"Even though we have seen bees flying and carrying pollen, the danger time as regards food for the bees is not over. My bees still have plenty of winter stores. Any beekeeper who has been hefting his hives and finds them light should not hesitate to feed fondant as it is still too early to consider giving sugar syrup in Fermanagh. The danger of feeding fondant is that the bees will not be using the honey from the brood box, so not freeing up the extra cells which the queen requires as she lays increasing numbers of eggs as spring approaches. Entrances should be checked for debris which the bees may not have been able to clear but a strong hive should have no trouble in this respect. Bees are very hygienic and will remove dead bees and other detritus so that the threat of disease is reduced.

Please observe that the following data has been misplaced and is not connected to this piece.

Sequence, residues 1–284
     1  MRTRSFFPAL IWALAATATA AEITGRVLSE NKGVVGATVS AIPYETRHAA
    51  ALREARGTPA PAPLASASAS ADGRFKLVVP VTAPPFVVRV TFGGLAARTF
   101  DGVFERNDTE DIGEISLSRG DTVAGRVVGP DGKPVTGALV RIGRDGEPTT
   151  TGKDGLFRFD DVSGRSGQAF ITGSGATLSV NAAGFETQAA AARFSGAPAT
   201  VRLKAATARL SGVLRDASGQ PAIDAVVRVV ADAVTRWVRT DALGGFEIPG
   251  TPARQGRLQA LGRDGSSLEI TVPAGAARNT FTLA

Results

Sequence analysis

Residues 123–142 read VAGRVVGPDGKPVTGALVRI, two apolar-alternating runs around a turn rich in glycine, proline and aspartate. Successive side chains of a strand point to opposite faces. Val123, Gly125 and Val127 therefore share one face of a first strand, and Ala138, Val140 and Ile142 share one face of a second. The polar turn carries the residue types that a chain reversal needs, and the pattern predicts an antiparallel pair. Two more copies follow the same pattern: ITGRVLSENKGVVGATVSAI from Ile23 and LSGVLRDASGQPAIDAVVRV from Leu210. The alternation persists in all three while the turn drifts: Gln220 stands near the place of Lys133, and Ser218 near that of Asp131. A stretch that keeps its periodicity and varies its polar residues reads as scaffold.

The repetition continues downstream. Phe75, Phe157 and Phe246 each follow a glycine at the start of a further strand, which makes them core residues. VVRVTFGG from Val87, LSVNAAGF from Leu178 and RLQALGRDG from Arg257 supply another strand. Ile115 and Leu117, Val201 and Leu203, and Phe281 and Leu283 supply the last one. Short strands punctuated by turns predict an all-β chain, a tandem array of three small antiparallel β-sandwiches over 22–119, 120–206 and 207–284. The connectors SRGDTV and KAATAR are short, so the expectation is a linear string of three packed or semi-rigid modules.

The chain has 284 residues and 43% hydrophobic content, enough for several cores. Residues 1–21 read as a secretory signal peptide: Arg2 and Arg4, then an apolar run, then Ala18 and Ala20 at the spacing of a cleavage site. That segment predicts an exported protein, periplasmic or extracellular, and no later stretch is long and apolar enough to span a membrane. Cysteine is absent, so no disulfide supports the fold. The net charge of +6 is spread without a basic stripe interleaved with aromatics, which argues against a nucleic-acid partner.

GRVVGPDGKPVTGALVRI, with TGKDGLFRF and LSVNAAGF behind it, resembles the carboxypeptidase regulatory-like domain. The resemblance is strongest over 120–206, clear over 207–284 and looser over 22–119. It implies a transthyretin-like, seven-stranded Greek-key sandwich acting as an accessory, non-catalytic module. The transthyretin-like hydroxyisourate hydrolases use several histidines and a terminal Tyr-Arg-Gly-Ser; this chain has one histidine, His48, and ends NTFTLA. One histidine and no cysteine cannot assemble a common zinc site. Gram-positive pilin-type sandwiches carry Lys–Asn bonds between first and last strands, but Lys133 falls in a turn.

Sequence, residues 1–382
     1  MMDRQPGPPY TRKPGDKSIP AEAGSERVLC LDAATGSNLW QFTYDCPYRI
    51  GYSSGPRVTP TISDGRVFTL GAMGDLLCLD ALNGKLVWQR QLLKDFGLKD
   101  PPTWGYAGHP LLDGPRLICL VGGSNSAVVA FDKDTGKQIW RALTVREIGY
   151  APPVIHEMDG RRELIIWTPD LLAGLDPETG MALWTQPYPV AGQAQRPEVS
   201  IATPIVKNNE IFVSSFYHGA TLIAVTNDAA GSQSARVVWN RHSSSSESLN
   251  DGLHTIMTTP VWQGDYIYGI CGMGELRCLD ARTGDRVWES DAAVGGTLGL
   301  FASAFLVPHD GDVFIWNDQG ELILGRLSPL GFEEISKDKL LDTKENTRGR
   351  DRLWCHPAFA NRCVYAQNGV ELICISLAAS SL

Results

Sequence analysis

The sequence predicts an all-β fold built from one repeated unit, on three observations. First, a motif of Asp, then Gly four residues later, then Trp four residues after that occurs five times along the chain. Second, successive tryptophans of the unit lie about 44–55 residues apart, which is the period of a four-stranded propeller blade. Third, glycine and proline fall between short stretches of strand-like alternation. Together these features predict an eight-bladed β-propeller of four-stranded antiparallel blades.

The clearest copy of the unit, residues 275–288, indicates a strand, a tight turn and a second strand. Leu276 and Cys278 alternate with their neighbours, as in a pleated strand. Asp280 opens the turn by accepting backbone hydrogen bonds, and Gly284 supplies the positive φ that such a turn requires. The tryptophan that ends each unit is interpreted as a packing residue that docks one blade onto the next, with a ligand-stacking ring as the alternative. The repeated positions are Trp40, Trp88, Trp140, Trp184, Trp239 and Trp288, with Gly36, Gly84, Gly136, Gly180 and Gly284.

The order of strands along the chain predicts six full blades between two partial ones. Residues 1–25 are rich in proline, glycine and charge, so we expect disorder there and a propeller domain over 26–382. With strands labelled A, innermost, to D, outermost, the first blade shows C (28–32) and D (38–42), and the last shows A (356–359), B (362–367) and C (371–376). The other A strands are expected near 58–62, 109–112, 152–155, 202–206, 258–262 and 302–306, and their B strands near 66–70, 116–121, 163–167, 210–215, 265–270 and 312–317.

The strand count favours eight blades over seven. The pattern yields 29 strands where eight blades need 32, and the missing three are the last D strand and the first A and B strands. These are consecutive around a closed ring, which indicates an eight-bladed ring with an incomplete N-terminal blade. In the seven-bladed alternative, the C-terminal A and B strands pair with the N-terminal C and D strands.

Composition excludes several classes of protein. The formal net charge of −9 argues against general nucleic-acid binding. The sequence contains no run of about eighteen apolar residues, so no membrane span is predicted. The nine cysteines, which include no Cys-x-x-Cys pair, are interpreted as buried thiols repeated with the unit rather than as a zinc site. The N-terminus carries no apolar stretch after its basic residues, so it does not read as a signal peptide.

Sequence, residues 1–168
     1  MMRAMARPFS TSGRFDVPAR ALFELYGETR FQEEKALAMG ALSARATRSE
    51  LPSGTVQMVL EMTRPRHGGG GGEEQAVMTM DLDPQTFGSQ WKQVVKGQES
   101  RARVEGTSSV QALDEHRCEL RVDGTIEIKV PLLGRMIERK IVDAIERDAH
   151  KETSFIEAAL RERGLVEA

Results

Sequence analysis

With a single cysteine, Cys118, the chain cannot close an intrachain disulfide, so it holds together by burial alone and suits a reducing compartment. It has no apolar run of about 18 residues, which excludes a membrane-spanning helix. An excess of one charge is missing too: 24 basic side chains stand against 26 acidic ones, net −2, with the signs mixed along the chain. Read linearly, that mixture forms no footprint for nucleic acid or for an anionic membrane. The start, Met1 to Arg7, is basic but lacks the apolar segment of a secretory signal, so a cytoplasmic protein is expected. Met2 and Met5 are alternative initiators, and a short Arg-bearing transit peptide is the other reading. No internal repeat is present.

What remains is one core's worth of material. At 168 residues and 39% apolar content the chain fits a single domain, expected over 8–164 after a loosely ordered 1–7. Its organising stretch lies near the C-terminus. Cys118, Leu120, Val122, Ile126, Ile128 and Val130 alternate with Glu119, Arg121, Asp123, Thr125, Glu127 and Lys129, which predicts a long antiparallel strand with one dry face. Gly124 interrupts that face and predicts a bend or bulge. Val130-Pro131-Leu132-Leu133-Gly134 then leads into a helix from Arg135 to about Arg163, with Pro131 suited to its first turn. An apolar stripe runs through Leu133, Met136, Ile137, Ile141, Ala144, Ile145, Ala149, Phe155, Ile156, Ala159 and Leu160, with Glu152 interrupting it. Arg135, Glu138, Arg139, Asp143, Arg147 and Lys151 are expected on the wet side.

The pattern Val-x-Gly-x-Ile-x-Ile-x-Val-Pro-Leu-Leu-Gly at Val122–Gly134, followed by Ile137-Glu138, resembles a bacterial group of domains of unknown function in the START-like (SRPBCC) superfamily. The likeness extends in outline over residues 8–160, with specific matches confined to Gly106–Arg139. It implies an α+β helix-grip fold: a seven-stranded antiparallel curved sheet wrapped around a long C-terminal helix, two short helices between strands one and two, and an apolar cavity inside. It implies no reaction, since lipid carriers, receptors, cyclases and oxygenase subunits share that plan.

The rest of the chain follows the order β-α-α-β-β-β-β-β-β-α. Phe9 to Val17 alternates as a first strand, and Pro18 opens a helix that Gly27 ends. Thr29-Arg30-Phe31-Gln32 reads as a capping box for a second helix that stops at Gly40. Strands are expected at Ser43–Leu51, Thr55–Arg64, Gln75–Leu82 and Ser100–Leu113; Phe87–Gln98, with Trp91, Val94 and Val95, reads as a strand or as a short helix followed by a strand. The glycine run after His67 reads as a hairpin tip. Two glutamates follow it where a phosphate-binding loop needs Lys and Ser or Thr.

"We are coming to the time of year when the colonies will expand at a phenomenal rate. Even after all these years of beekeeping it still takes me by surprise. All equipment should be clean and ready to go. Plans for the season should be drawn up and any wax, frames etc. ordered. Hive record cards should be designed to suit the plans for the apiary, whether it is to produce nuclei, to expand the numbers of colonies or to concentrate on honey production. Seriously consider rearing queens from your best stock, even if only one or two, because the personal satisfaction in seeing these queens heading up colonies is immeasurable and, in addition, you will be conserving a local bee which is adapted to its environment.